chapter 3 :Dynamic Routing

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chapter 3 :Dynamic Routing by Mind Map: chapter 3 :Dynamic Routing

1. Dynamic Routing Protocol overview

1.1. Dynamic Routing Protocol Evolution

1.2. - Dynamic routing protocols have been used in networks since the late 1980s. - Newer versions support the communication based on IPv6.

2. Dynamic Routing Protocol Components

2.1. - A routing protocol is a set of processes, algorithms, and messages that are used to exchange routing information and populate the routing table with the routing protocol's choice of best paths.

2.2. The main components of dynamic routing protocols include: 1. Data structures - Routing protocols typically use tables or databases for its operations. This information is kept in RAM. 2.Routing protocol messages - Routing protocols use various types of messages to discover neighboring routers, exchange routing information, and other tasks to learn and maintain accurate information about the network. 3.Algorithm - An algorithm is a finite list of steps used to accomplish a task. Routing protocols use algorithms for facilitating routing information and for best path determination.

3. Dynamic versus static routing.

3.1. - network professionals use static routing. Dynamic routing certainly has several advantages over static routing; however, static routing is still used in networks today. In fact, networks typically use a combination of both static and dynamic routing.

3.2. Static routing has several primary uses, including: 1. Providing ease of routing table maintenance in smaller networks that are not expected to grow significantly. 2. Routing to and from a stub network, which is a network with only one default route out and no knowledge of any remote networks. 3. Accessing a single default route (which is used to represent a path to any network that does not have a more specific match with another route in the routing table).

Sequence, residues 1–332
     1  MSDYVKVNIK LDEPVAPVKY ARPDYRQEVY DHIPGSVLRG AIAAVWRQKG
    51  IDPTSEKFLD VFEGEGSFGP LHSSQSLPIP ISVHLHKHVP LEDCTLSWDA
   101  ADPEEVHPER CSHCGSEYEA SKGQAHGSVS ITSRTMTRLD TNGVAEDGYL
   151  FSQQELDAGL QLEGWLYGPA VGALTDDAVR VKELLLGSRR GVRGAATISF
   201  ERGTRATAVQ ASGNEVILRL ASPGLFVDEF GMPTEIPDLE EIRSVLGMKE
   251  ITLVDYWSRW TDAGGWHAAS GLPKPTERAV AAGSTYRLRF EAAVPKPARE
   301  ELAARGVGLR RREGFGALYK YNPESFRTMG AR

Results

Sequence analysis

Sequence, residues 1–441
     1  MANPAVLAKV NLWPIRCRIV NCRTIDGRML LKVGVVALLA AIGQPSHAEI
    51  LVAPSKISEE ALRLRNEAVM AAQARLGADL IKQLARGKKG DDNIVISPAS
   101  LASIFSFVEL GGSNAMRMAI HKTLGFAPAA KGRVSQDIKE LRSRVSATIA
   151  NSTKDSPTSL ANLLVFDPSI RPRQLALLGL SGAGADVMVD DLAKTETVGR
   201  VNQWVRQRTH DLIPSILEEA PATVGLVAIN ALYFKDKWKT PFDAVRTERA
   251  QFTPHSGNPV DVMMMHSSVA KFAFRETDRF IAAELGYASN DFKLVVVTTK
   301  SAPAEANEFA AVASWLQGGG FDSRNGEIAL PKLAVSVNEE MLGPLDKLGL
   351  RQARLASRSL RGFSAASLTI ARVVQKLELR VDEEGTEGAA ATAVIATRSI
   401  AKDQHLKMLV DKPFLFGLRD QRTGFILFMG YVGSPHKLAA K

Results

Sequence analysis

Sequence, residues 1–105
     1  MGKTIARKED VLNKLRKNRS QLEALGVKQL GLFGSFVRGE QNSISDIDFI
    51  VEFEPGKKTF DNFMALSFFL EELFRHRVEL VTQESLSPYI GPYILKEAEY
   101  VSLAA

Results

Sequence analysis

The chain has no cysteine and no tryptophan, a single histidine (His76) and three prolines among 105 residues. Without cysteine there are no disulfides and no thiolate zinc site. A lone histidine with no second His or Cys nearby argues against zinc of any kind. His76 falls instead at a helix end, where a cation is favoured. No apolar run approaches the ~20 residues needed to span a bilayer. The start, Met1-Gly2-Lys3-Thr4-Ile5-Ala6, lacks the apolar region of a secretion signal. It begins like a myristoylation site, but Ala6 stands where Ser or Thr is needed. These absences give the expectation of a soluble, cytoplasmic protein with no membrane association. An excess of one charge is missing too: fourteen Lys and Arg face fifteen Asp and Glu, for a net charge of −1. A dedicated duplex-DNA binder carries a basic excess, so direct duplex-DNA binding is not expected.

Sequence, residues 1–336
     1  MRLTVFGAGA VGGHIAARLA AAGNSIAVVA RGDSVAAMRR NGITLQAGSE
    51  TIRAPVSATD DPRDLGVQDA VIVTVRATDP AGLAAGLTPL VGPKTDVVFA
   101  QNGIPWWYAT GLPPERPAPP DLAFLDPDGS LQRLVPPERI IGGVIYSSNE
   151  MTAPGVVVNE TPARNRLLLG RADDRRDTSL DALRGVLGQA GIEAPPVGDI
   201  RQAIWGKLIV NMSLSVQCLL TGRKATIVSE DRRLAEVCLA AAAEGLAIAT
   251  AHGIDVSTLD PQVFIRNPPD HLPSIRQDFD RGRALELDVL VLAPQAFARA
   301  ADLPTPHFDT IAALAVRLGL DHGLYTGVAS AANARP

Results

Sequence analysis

3.3. Static Routing Advantages and Disadvantages

3.3.1. Advantages

3.3.1.1. • Easy to implement in a small network. • Very secure. No advertisements are sent, unlike with dynamic routing protocols. • It is very predictable, as the route to the destination is always the same. • No routing algorithm or update mechanisms are required. Therefore, extra resources (CPU and memory) are not required.

3.3.2. Disadvantages

3.3.2.1. • Suitable for simple topologies or for special purposes such as a default static route. • Configuration complexity increases dramatically as the network grows. Managing the static configurations in large networks can become time consuming. • If a link fails, a static route cannot reroute traffic. Therefore, manual intervention is required to re-route traffic.

4. Dynamic Routing Protocols Uses

4.1. Dynamic routing protocols help the network administrator manage the time-consuming and exacting process of configuring and maintaining static routes.

4.2. Dynamic Routing Advantages and Disadvantages

4.2.1. Advantages

4.2.1.1. • Suitable in all topologies where multiple routers are required. • Generally independent of the network size. • Automatically adapts topology to reroute traffic if possible.

4.2.2. Disadvantages

4.2.2.1. • Can be more complex to initially implement. • Less secure due to the broadcast and multicast routing updates. Additional configuration settings such as passive interfaces and routing protocol authentication are required to increase security. • Route depends on the current topology. • Requires additional resources such as CPU, memory, and link bandwidth.